Emily and Matt later track down Kimberly herself, and they inform her about the murders. She’s understandably horrified, and starts to fear that she might be a target as well. As a result, Emily sets up a protective detail for her, and Matt does his part by staying and keeping her company for the night. She discusses how easy it is for married men to be lured in by women like her, because of the forbidden nature of the encounter, and even attempts a slight flirtation of her own. Matt ain’t biting, though. He's got a job to do, dagnabit.

Elsewhere, JJ and Luke talk to Kimberly’s mom, Janel. She’s not happy about the life her daughter’s been living, and expresses concern about her well-being. She also reveals that Kimberly’s dad died when she was young, and she doesn’t have any siblings, or other extended family. Seems it’s pretty much just been Kimberly and her mom against the world all this time. And as Garcia soon discovers, the men in Kimberly’s family all tended to die young. Odd.

“Sick bastard made a snuff film.”

While all this is going on, Reid is busy examining some videotapes that had been sent to the local police. These tapes contain footage of the poor men being mercilessly tortured, and they’re pretty gruesome, if the reactions of everyone watching are anything to go by. The local officers are puzzled about the means by which the tapes were sent - they were recorded on cassette, of all things. What this means about their unsub, they’re still not entirely sure, but in the meantime, Reid does manage to get a few audio and visual clues as to where this warehouse is.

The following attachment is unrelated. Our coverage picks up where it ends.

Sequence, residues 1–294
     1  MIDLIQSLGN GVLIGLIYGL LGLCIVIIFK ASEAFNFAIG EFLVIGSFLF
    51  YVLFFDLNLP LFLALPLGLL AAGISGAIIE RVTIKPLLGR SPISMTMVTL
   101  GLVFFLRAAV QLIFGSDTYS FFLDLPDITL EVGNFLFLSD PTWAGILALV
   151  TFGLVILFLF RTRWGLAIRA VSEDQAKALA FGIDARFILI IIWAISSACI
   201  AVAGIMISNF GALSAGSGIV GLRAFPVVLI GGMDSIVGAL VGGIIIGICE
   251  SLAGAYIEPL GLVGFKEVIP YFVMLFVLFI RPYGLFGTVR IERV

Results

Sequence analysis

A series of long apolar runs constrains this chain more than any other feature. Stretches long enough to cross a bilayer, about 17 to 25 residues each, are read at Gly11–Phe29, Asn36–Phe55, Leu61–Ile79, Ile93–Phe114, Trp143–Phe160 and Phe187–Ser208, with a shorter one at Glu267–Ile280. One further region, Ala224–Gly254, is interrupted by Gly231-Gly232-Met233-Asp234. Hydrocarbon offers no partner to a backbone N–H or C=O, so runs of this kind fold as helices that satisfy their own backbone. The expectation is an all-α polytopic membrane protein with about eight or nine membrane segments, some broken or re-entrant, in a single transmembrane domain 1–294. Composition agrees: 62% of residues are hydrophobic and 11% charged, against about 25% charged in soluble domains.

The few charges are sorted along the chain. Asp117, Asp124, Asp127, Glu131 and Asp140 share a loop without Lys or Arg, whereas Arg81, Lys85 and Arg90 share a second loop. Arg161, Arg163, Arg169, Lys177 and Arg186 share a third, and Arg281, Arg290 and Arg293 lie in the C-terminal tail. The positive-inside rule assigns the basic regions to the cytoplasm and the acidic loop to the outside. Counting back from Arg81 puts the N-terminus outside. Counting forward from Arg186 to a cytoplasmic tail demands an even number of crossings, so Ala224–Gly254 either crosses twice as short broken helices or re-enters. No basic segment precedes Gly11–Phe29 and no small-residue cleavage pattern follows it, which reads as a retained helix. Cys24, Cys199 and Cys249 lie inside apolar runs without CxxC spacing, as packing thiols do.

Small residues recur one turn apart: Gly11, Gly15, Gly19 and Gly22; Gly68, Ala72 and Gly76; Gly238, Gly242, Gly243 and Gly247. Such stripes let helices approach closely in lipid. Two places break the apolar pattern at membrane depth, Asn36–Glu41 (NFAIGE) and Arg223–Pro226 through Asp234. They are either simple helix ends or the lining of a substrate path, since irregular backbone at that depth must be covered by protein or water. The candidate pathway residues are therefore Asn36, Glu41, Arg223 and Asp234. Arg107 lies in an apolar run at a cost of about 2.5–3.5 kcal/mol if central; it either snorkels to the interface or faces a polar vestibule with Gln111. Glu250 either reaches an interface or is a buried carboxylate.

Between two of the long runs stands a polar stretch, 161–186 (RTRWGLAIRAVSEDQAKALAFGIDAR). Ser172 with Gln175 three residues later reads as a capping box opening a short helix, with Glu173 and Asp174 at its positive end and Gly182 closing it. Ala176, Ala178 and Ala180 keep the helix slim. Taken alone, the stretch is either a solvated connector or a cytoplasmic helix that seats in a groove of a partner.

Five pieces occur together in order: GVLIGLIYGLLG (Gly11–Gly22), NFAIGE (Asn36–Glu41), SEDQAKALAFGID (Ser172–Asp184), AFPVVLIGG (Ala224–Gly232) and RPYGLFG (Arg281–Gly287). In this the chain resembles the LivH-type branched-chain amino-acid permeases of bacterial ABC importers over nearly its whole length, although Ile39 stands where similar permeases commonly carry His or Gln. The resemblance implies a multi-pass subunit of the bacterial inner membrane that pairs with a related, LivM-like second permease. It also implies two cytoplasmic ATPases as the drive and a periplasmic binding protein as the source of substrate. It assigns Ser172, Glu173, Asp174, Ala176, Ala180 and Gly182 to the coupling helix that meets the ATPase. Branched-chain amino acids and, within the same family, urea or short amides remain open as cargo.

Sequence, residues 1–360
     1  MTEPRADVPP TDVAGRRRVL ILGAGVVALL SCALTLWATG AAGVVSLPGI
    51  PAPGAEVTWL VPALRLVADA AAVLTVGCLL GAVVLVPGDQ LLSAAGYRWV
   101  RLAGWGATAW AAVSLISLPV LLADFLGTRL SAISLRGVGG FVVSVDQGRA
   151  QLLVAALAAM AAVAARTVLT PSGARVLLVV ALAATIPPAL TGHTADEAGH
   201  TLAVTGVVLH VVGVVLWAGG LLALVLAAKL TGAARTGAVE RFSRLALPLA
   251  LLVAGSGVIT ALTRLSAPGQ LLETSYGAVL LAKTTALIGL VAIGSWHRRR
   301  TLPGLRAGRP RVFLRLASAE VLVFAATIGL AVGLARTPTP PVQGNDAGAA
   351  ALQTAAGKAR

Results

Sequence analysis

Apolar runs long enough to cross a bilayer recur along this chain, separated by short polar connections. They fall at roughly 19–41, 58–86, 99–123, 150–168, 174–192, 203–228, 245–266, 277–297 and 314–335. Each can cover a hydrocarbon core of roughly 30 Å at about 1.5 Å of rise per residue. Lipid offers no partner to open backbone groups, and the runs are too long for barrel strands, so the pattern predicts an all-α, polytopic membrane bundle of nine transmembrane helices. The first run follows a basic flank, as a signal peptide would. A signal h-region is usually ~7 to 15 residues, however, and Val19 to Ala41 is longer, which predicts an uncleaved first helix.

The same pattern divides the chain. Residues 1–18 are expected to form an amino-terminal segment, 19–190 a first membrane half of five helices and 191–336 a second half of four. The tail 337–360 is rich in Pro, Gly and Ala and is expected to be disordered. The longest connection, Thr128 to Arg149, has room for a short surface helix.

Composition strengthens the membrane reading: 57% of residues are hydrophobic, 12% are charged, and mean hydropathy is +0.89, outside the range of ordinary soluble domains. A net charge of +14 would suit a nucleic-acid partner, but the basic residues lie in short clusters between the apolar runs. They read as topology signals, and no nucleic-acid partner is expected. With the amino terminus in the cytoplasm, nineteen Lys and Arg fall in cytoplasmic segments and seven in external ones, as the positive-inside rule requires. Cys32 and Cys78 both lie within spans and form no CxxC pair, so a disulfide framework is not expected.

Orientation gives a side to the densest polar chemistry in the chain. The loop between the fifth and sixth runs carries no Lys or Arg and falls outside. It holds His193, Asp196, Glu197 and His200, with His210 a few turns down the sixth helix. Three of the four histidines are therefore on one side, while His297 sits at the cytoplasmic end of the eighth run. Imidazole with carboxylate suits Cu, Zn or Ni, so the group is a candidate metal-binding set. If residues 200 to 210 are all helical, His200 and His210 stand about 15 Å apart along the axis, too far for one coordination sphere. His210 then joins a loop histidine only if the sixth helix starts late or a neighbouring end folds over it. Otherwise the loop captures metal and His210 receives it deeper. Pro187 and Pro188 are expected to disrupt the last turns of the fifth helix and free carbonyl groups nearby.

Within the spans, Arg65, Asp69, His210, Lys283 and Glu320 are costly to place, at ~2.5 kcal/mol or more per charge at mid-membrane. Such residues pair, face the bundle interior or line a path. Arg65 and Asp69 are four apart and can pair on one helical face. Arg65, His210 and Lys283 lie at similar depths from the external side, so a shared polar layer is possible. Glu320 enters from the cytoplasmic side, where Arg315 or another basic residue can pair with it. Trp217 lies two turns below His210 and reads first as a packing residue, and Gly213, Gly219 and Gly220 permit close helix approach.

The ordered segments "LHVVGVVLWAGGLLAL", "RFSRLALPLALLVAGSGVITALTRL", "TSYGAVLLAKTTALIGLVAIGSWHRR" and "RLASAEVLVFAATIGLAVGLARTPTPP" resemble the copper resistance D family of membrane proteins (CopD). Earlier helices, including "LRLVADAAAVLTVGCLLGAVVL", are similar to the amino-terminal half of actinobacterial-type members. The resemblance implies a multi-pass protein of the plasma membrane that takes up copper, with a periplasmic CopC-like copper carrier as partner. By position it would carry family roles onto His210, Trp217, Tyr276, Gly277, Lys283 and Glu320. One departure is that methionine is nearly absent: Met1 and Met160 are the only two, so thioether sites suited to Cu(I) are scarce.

As the team arrives to investigate the warehouse, things get even creepier and more surprising. The unsub, upon seeing the team show up, decides to destroy and set fire to the entire place, causing just enough of a distraction for them to escape. In the aftermath of the fire, the team finds a symbol related to the Chaldean Mafia, indicating Matt’s initial assumption is right, and they also discover a woman’s skull in the backyard as well. It’s soon revealed that the skull belongs to a woman named Cynthia, and that she’s apparently been dead for quite some time. This discovery comes on the heels of the recent murder of a third man named Philip. What initially looked like a relatively simple string of murders targeting men who visited escorts is becoming an increasingly complex mystery with each passing moment, as the victim type continues to change and shift.

That becomes even more apparent when the unsub soon targets Janel and Kimberly themselves, managing to overpower and get past the protective detail before kidnapping them. It’s at this point we finally see who our unsub is, and it turns out it’s a man – and one Janel and Kimberly are apparently familiar with, if the man’s chilling “Welcome home” greeting to them is any indication.